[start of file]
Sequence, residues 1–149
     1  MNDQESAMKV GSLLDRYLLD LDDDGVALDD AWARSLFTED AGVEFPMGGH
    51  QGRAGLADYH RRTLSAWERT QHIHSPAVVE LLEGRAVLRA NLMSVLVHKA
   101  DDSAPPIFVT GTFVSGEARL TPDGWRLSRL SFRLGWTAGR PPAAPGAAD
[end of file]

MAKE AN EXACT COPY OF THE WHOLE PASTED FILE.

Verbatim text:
Sequence, residues 1–149
     1  MNDQESAMKV GSLLDRYLLD LDDDGVALDD AWARSLFTED AGVEFPMGGH
    51  QGRAGLADYH RRTLSAWERT QHIHSPAVVE LLEGRAVLRA NLMSVLVHKA
   101  DDSAPPIFVT GTFVSGEARL TPDGWRLSRL SFRLGWTAGR PPAAPGAAD